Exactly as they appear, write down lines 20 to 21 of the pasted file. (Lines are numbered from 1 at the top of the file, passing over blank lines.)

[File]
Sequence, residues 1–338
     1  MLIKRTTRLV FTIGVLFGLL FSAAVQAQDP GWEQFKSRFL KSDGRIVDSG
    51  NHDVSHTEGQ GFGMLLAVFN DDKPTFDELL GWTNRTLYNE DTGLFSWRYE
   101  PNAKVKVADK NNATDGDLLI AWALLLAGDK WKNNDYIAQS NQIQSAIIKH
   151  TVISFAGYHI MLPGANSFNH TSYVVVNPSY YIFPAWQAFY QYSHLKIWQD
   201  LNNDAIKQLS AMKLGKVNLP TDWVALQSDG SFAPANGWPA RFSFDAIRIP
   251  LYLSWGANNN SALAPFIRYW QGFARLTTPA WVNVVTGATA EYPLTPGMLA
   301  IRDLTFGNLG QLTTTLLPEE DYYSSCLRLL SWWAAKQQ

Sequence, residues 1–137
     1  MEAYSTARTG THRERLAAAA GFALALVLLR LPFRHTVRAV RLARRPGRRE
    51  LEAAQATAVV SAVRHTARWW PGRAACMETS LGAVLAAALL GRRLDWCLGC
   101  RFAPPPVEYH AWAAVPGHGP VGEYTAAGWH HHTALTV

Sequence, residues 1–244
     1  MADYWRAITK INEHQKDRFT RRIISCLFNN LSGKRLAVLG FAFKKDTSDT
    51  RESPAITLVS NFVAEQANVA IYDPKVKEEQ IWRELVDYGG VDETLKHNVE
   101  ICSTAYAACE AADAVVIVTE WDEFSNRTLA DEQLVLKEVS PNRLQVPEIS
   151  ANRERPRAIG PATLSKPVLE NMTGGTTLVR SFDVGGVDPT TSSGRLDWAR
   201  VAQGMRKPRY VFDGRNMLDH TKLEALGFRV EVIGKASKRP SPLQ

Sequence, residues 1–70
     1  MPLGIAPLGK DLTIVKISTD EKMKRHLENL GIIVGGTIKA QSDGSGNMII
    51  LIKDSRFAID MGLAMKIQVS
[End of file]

     1  MPLGIAPLGK DLTIVKISTD EKMKRHLENL GIIVGGTIKA QSDGSGNMII
    51  LIKDSRFAID MGLAMKIQVS